Net interest earned from liquidity operations is a source of income too. This includes the difference between repo rate (interest charged by the RBI to commercial banks while lending money to the latter) and reverse repo rate (interest paid by the RBI to borrow money from commercial banks).

A part of the earnings of the central bank from all these sources go into printing currencies and supporting its operations. The remaining amount is transferred to the government as a dividend.

And sometimes, the RBI also sets aside a part of its income for contingency funds. This leads to reduced dividend transfer to the government.

Why did the centre demand a part of the contingency fund?

With campaigning for the general elections set to start in six months’ time, the ruling BJP government is hard pressed to deliver. And economic growth, which suffered a serious setback owing to the toxic mix of demonetisation and haphazard implementation of the GST, is topmost on its agenda.

To revive it, the government first needs to recapitalise the bankrupt banks and NBFCs (non-banking finance companies) mostly barred from lending till they correct their balance sheets by recovering their loans. The lending restrictions placed on them has stifled business growth in the nation, particularly in the MSME (micro, small, and medium enterprises) sector which has bore the main brunt of demonetisation and GST implementation.

The massive funds needed for bank recapitalisation, for large social welfare schemes and for materialising other tall promises such as the quick Rs.1 crore loan to the MSMEs is expected to put a severe strain on the government’s fiscal deficit going forward.

Hence the finance minister Arun Jaitley demanded a whopping Rs.3.6 lakh crore from it. This has been calculated to be around 2 percent of the GDP of the nation.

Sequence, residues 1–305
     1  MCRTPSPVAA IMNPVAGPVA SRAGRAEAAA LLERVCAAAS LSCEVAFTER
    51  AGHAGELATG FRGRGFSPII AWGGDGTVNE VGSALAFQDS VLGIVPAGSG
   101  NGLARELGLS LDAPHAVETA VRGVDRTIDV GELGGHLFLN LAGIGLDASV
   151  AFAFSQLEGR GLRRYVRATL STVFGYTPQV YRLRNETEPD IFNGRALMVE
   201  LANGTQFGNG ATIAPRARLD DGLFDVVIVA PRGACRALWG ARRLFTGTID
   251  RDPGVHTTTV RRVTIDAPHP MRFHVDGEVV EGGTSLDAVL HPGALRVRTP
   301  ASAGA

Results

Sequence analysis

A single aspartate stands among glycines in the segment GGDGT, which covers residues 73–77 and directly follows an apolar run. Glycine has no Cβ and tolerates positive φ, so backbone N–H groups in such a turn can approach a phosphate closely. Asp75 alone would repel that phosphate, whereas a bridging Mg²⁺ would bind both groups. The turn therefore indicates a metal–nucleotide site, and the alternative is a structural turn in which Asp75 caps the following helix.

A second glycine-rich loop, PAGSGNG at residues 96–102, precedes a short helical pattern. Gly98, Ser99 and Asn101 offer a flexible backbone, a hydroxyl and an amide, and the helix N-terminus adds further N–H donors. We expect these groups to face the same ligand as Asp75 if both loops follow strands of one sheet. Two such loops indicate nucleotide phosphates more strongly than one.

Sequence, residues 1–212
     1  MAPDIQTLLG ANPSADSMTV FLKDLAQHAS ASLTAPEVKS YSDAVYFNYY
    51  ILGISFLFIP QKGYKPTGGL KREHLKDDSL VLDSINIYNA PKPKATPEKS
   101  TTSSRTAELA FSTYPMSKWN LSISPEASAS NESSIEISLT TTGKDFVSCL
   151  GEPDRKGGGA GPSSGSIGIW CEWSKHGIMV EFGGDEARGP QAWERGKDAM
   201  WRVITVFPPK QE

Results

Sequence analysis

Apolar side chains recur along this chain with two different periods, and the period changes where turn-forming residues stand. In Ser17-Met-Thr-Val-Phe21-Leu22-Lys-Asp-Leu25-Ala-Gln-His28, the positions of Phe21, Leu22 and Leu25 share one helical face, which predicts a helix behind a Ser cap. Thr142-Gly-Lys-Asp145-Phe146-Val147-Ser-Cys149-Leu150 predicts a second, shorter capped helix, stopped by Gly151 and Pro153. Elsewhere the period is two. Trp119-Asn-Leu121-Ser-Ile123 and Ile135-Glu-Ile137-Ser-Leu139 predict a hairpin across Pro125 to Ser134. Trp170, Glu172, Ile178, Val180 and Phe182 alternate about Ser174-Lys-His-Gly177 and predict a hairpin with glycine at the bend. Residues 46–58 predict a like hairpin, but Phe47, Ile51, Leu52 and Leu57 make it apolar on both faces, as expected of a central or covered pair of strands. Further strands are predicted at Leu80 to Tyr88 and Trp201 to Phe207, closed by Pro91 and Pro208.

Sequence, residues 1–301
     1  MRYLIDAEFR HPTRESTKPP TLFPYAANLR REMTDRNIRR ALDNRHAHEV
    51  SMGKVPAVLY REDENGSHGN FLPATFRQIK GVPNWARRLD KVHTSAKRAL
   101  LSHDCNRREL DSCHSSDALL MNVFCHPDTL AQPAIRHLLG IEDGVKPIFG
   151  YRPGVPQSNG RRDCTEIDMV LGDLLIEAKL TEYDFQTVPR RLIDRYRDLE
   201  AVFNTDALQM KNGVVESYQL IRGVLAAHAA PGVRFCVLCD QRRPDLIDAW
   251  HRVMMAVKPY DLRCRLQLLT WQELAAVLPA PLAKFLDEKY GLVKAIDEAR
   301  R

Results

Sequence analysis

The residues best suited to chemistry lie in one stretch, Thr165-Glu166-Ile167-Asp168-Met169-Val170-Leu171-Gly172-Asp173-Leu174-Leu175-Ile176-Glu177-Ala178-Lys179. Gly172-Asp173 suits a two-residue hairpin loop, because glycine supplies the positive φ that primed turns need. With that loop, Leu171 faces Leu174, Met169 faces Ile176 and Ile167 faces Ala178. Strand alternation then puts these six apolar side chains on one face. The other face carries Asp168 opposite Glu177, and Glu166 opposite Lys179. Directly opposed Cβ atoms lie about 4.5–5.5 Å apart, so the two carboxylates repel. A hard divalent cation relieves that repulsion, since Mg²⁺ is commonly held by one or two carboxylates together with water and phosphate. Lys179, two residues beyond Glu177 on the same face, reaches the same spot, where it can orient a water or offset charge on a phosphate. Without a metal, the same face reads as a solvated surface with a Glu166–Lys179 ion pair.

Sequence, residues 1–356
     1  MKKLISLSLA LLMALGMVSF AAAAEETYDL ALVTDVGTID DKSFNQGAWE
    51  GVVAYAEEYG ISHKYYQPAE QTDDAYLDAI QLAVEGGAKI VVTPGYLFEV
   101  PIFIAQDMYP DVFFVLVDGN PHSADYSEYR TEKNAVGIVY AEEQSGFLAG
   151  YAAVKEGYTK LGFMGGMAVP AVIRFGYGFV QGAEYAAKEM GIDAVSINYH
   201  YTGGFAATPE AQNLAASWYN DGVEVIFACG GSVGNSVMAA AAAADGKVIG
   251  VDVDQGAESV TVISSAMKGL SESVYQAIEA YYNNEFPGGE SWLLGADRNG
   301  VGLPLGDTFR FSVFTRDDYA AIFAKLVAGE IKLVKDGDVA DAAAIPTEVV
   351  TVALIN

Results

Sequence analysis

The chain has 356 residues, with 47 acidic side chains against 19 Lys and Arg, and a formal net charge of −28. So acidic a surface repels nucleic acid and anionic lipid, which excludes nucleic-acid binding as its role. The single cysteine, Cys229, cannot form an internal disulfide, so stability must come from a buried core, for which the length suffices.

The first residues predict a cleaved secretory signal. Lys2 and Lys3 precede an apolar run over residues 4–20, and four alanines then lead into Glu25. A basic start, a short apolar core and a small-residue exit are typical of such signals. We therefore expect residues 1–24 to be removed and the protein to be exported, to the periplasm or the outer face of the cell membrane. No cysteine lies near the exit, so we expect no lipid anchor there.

Why has the RBI put its foot down on parting with a part of its contingency fund?

The centre has been dissatisfied with the RBI putting money into its contingency fund, reason being it reduces the government’s share of dividends.

It feels that the RBI’s contingency fund is already the second largest in the world after Norway. Besides, being at 26.5 percent of total assets, it is greater than the median of 10 percent.

Under such circumstances, why was the RBI reluctant?

The biggest reason is that with the money gone from its coffers, RBI would stand to lose its credibility; it would destroy the trust of the global investors and other nations on the Indian apex bank to meet various contingencies.

Besides, it would also gradually lower the earnings of the central bank. This is because it holds the contingency fund in the form of gold reserves, forex exchange reserves, consisting of foreign currency assets along with foreign currencies, and government of India bonds. With a substantial part of the contingency fund depleted, its interest income would also come down.

But most importantly, drawing the staggering amount at one shot would generate a systemic risk as it would force the central bank to sell the government bonds or its foreign exchange reserves.

As per experts, it is simply imprudent to use up all the funds accumulated over several years at one go. The fund is meant to be used sparingly, only when there is an extreme emergency.